Background Roma are the largest minority ethnic group in Europe. They have faced ongoing discrimination and persecution, with reports of large and widening social and health disparities between Roma and non-Roma. Most analyses of the policies that aim to improve the situation for Europe’s Roma compare the pros and cons of proposed solutions. They do not reveal the assumptions that shape how the “problem” of Roma health and wellbeing is understood in policy proposals and how this influences the solutions that are – or are not–put forward. The aim of this study is to explore the conditions that have allowed certain representations of the “problem” of Roma health-and-wellbeing to acquire dominance/suppression during the 1980–2015 period of economic transition and successive eastward EU expansion.
Methods Five oral history interviews were conducted with European policy specialists to provide accounts of the development of European policy relevant to Roma health and wellbeing and to map key documents produced by EU decision-making institutions (the Parliament, Council and Commission). Further documents were located through catalogue searches. All retrieved items were mapped/categorised before five policies relating to pivotal shifts in the way Roma health and wellbeing has been understood as a policy problem were selected. Analyses drew on Bacchi’s “What’s the problem represented to be?” post-structural analysis framework to explore: 1) underlying frameworks of thought that shape problem representations; 2) the conditions that allowed shifts in problem representations to occur; and 3) how these problem representations shaped the different solutions that have been proposed.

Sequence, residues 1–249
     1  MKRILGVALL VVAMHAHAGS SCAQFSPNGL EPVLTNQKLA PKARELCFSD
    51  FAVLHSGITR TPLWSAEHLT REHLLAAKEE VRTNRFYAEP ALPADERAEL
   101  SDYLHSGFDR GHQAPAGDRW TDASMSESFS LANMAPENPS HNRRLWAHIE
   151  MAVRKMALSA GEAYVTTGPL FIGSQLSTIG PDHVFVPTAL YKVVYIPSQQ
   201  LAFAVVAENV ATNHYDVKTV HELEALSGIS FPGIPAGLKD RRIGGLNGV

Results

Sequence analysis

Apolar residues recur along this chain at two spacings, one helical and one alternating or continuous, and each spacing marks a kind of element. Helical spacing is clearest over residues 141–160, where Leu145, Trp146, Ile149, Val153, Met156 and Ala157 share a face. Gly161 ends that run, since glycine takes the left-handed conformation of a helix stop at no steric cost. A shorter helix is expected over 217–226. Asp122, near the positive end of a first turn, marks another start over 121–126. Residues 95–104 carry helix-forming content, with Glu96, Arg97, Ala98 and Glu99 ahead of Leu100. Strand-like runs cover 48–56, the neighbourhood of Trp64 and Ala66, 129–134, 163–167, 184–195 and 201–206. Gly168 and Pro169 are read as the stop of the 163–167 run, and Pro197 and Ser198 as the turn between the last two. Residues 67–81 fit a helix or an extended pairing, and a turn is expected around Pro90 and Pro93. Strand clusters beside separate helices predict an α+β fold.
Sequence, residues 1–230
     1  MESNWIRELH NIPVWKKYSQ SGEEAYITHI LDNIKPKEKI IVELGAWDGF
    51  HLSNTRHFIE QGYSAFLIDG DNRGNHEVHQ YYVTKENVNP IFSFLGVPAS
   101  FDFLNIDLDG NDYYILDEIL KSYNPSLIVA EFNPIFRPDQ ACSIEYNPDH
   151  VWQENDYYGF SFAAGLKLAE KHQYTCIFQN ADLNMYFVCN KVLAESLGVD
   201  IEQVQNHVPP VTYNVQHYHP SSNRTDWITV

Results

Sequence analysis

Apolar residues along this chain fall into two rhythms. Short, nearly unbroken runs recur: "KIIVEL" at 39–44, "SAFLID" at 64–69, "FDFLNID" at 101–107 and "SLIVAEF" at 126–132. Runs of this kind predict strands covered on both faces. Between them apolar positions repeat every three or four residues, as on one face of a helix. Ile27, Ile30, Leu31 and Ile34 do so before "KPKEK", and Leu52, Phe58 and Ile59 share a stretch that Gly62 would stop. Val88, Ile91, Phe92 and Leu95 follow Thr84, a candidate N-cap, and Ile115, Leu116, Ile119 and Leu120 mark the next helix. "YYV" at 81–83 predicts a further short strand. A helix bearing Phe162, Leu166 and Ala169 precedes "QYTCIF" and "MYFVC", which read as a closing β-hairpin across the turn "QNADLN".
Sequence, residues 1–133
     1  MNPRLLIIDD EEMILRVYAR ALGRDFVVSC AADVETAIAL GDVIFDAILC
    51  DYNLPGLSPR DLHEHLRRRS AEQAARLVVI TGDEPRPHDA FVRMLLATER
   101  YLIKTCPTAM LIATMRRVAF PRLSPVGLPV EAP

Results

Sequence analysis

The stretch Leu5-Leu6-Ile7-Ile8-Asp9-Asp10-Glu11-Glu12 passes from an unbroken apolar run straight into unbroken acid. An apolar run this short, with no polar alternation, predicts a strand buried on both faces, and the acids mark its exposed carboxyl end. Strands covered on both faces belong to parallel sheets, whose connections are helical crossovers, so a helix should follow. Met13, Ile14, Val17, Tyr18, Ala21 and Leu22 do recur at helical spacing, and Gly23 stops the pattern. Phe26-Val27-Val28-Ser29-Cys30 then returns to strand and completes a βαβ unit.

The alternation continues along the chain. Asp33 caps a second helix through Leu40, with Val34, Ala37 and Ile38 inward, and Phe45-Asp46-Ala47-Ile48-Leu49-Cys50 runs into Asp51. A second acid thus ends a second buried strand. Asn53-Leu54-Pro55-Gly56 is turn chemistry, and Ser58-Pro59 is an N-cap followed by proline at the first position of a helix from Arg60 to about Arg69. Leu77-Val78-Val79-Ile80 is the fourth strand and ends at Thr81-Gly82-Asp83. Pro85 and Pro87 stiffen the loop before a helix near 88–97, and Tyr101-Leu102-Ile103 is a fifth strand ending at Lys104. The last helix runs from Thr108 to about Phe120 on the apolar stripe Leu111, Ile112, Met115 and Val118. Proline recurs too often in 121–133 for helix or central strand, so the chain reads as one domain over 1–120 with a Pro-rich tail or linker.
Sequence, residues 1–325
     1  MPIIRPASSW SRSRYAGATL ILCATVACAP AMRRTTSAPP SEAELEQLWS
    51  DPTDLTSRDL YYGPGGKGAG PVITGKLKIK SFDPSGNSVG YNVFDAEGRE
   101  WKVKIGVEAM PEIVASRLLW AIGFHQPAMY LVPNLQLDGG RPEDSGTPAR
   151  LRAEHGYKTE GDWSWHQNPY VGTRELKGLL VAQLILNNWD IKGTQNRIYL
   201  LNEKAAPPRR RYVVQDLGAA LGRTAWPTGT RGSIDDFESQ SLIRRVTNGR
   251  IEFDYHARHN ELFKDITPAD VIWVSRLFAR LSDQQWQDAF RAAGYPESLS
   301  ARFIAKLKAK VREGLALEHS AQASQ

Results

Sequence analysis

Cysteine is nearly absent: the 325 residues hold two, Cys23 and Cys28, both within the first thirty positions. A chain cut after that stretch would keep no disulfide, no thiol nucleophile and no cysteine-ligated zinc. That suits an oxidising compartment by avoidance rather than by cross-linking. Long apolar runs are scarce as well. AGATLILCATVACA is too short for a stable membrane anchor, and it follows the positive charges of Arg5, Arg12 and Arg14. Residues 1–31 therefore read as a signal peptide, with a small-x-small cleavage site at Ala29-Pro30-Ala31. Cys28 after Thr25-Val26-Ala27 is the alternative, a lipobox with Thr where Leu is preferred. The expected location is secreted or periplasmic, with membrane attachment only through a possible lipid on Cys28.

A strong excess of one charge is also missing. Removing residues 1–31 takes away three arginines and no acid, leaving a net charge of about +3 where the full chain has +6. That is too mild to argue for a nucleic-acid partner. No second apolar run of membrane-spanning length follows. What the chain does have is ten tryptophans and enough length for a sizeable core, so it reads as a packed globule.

Results Since the 1980’s policies produced by the main EU institutions have situated the concern for Roma health and wellbeing within a wider drive for economic growth. A perceived low productivity among Europe’s Roma populations is attributed to their low educational attainment and subsequently reduced employment opportunities. Inadequate housing/living conditions and low uptake of health care services are seen to compound the “problem” leaving Roma prone to poor health that further limits their productivity. The proposed solution is to remove the barriers that are perceived to prevent Roma from accessing mainstream health, education, employment and housing.
Conclusion With a perceived increase in the size and mobility of its Roma populations, recent EU policy has framed “Roma health” as a barrier to economic development. Policy solutions frame improvements in Roma health as a means to improve overall productivity of the region, rather than as an end in itself.
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